One of my main interests in astronomy and space exploration now are keeping up with the latest developments of exoplanets, planets of other stars, in both the new discoveries and finding out more about them. I am most interested in planets that are terrestrial or solid like the Earth and that humans, or robotic spacecraft, could conceivably land on and set up colonies on. As a Christian I don't have a problem and think it would be a good thing if life would be found on some of these other planets. This would be especially true if it is quite different from our life in appearance or in composition such as based on something other than DNA or have other blood or respiration basis for instance. For me it would especially not be a problem with extraterrestrial life to the extent of our bacteria, plants or animals but it might be more difficult if it was intelligent extraterrestrial mortal life as somehow they might need a Saviour also and the Bible is not too clear about this although there might be some allowance for this in expressions like the Heavens and the Earth and things in them that occurs several times in the Bible but that is all quite speculative. Also the SETI programs have not found any solid evidence of intelligent extraterrestrial life yet either. I also find it interesting about what the environment and any life including if humans ever reach them on extrasolar planets including terrestrial ones that have larger sizes such as superearths or subearths between the size of Earth and Mars. This would especially true for those in the habitable zone. In an astronomy course I took at university in celestial mechanics they mentioned that under the right conditions a planet around two similar stars would have a figure 8 orbit. Although this might not be too habitable it would be interesting to hear how this could affect the environment on an earth-size planet especially if was close to the habitable zone. This is also one area where I am particularly inspired by realistic space art, both painting and computer generated and wish there was more of it but I heard a limitation is that book publishers don't usually pay the artists enough to make it worthwhile for them. I would also be interested on what it could be like on earth size exomoons or moons of planets around other stars that will hopefully be discovered soon. I watched the movie Avatar and found it quite interested how they portrayed an environment and intelligent life coping in an environment on a habitable exomoon. I hope the newly announced project to bring a light sail on close range past a nearby exoplanet at up to 20% of the speed of light by entrepreneur Yuri Milner and Stephen Hawking and I think Marc Zuckerberg of Facebook could start on a successful voyage soon perhaps past Proxima Centauri b to get close range pictures and other data in a human lifetime.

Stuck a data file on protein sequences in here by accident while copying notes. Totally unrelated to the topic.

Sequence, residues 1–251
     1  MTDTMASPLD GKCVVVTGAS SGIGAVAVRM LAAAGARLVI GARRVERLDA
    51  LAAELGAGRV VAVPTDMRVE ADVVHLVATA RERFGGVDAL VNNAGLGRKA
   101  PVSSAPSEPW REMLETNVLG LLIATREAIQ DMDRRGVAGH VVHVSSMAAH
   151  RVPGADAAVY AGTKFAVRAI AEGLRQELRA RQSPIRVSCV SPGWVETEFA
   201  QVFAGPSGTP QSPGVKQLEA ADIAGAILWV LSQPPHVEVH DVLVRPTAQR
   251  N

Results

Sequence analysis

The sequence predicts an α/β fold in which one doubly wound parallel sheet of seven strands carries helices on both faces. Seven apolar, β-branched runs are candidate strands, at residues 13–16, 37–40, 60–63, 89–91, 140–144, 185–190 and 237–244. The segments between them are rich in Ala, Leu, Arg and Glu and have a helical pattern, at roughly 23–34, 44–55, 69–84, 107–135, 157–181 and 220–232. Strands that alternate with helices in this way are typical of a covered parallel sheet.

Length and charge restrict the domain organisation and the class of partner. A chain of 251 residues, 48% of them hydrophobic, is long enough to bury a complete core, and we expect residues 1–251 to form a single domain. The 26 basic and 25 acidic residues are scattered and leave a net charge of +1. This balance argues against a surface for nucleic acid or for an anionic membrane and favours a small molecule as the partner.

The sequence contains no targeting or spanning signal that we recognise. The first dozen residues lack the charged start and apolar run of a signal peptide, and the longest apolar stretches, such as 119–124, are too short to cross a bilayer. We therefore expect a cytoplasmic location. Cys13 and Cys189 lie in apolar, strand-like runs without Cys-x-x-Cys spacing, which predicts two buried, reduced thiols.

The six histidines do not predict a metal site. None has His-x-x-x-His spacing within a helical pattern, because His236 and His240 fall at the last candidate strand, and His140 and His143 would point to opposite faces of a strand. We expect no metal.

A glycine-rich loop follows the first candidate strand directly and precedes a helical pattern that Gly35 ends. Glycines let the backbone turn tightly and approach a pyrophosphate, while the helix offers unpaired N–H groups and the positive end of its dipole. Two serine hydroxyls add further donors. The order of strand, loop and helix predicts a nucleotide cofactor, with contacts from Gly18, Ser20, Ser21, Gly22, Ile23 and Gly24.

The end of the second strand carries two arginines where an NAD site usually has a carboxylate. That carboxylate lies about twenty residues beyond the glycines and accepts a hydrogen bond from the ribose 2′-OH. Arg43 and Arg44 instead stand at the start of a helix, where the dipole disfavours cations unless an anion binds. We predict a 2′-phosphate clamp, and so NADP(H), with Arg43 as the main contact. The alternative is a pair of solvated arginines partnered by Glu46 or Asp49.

Although I also find it interesting and would support it to explore the environment and look for life, even large scale life, like our fish or rays, sharks, squid etc in the oceans of Europa or Enceladus or perhaps other solid bodies in the outer solar system and that could be common in other stellar systems, I am still most hopeful about finding evidence of past or present life outside earth in our solar system on Mars. I hope NASA with either the Space Launch System or SpaceX can get human trips there and establish a permanent base there soon. It is possible that bacteria like life has already been found there by Viking and Curiosity since the labelled release experiment on Viking was positive but unfortunately hasn't been tried again since. The other gas chromatograph test wasn't positive on either but that could be the result of perchlorates destroying organics in the soil when the soil samples are heated. I think the European/Russian ExoMars lander will use lasers instead of an over to analyze soil samples which hopefully will allow examination of less disturbed samples rather than possible broken up remants of original samples due to over heating and perchlorates on Viking and Curiosity. There could still be bacteria or moss of other basic life below the surface of Mars if there is subsurface flowing liquid water and I would certainly find this interesting. I do get frustrated with the planetary protection requirements and hope that a better balance can be found to ensure human robots or people not destroying any possible indigenous Martian life but still allow fuller near-term search for Martian life including in more promising areas. I would also find inspiring about astronauts setting us a base on Mars and living off the land and was quite inspired with the scenario I read in the book The Case for Mars by Robert Zubrin. I would also like to see more good space art about Mars and elsewhere in the solar system even places that humans couldn't get to easily but I am also very inspired by the photographs from robotic spacecraft and hope NASA can soon send new spacecraft to Europa, another one to Venus and an orbiter around Uranus or Neptune and their moons. To me Mars is more attractive than Europa or Enceladus for sending astronauts because it would be much easier to get to the more interesting areas of Mars which is the surface or just under the surface rather than perhaps 15 kilometers beneath the surface on Europa or Enceladus where the subsurface oceans would likely start. I appreciate the role of The Planetary Society in promoting solar system exploration and am grateful to be a continuing member since 1991 and enjoy that articles and pictures in The Planetary Report, listening to Planetary Radio and having a chance to respond to blogs on the web site and attend events including meeting leaders of The Planetary Society. I also am interested in other areas of astronomy such as astrophysics in the discovery of gravitational waves and the structure of the Milky Way and black holes etc. but my main interest is more planets or large moons especially terrestrial ones and that would have some significant area to explore or settle on by robots or even better humans.